On Saturday, the 13th of October, people from all over the world joined forces for the “Global Gas Down, Frack Down Day of Action” to protest against gas extraction and fracking. ASEED also took action by supporting the student organisation Fossielvrij Groningen.
“These peoples’ lives are in limbus”. Chris Ashford is standing on the grounds of the Groningen fish market looking over the crowded square, where people spend the sunny Saturday morning buying fresh fish, meat and vegetables. By “these people”, Chris is not talking about them. “It’s the people in the province who are mostly affected by the gas extractions. The inhabitants of the city barely know anything about the consequences”. Chris did not come to the fish market today to buy groceries, his intention is much more serious – and much more important. As part of the student organisation Fossielvrij Groningen he is supporting an action against gas extraction and fracking, a method of extracting hydrocarbons from the ground by injecting liquid at high pressure into it. ASEED EUROPE joined the action to support our combatants as well as the people affected by the gas extractions in the provinces.
Smashing drilling platforms on the fish market
There is probably no better place in the Netherlands than Groningen to protest against gas extraction, since there you can find the biggest gas field in the country. With a playful action the activists of Fossielvrij Groningen created awareness on the fish market in the city. They created miniature versions of a drilling platform, the Martini tower – the sign of the city, as well as a polar bear – the global symbol for climate change, and asked people to smash the figures with inflatables hammers.
With this playful approach to a very serious topic the organisation sought to create awareness for the consequences of the ongoing gas extraction in Groningen, which have resulted in earthquakes damaging thousands of houses around Groningen. “The lives of the families in these houses is continuing, but it’s never going to be the same again. That is”, he says, “first and foremost due to the costs of disruptions that the people need to bare as well as the decline in property value which makes it impossible for them to sell their houses without a great financial loss”.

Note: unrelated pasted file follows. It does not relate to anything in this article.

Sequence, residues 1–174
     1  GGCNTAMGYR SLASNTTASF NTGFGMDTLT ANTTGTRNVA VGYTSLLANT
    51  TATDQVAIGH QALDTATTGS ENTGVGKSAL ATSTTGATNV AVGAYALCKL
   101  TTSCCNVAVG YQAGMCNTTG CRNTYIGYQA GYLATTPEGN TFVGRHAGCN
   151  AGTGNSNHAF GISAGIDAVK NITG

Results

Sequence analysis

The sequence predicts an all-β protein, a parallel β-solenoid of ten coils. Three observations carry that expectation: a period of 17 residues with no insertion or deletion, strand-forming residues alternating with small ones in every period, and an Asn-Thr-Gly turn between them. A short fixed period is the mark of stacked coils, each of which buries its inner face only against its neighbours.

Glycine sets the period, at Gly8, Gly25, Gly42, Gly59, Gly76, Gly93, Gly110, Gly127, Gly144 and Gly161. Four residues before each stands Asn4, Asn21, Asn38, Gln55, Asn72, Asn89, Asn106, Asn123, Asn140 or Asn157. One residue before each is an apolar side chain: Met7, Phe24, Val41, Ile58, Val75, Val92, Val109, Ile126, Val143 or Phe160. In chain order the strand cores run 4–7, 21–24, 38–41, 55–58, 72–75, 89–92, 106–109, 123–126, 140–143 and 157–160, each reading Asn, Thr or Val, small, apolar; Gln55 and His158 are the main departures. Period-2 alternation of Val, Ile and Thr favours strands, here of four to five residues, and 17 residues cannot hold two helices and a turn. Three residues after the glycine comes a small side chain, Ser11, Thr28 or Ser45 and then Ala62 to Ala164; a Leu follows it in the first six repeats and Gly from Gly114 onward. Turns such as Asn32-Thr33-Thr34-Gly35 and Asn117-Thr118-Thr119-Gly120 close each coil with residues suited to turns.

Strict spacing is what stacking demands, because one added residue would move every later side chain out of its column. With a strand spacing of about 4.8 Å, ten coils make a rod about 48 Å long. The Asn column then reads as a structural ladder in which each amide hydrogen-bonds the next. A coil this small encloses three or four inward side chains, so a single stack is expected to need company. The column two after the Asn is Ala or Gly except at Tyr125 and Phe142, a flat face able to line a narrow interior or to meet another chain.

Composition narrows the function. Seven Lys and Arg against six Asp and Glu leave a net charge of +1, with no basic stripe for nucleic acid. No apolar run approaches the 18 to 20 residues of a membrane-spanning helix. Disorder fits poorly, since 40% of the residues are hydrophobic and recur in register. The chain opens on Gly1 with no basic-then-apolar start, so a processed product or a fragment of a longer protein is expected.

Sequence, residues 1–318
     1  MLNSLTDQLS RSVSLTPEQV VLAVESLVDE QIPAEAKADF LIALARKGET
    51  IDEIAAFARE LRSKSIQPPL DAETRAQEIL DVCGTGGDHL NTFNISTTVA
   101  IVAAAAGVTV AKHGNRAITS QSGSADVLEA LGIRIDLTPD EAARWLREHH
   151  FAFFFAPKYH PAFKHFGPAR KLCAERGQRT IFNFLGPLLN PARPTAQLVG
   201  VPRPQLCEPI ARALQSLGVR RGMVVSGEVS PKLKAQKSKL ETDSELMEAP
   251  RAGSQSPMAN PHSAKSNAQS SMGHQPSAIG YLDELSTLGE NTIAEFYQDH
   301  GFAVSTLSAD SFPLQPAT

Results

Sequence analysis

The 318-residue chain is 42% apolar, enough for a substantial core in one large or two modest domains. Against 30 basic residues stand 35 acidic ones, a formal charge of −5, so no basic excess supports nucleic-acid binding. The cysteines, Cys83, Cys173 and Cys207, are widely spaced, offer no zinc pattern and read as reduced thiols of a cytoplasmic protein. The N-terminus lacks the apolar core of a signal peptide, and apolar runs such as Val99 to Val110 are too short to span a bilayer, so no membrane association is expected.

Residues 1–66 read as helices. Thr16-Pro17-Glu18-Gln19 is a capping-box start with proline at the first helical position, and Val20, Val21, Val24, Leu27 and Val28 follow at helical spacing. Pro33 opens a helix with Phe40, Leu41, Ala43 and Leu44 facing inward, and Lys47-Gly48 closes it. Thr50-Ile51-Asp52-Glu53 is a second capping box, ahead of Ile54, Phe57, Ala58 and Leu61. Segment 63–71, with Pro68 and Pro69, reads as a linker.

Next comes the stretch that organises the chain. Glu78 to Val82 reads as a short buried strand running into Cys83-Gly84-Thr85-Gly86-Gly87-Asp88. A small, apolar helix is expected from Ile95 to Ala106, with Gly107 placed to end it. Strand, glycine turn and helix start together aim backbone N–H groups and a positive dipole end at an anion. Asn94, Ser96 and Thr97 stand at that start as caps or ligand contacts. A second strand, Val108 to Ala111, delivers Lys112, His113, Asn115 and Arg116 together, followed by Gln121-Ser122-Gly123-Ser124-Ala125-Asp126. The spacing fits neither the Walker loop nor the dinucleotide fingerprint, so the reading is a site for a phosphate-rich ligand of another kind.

Disproportionate compensation by gas companies
“The problem is that the gas extraction companies only aim to cover the disruption costs of the property, but don’t account for the devaluation”, he continues. Even though the government has announced that gas extraction will be phased out by 2030, Chris still points out how important an immediate stop of this energy generation is, since the earthquakes can still occur for up to 50 years after the last extraction.
What the activists from Fossielvrij Groningen mostly criticise is the lack of knowledge within the city of Groningen. “With an action like this one today, we try to create awareness and form a public opinion that eventually can lead to political action. Of course, we also want to show solidarity for the people affected by gas extraction and fracking”, says Manon Heerts, a member of Fossielvrij Groningen and one of the initiators of this action.
From Peru to the Netherlands – joined forces against fracking
The action took place as part of the “Global Gas Down, Frack Down Day of Action”. On Saturday people from all over the world showed solidarity for the people and the environment being harmed by these unsustainable and disrupting methods of energy generation. Over a thousand people took action across North and South America, Africa, Europe, Asia and Oceania. Among many others, there were anti-fracking debates in Peru, a protest against a planned LNG terminal in Germany and a stunt against plastic pollution caused by hydrocarbons in the UK. For more information check out https://gasdown-frackdown.org/home-page/.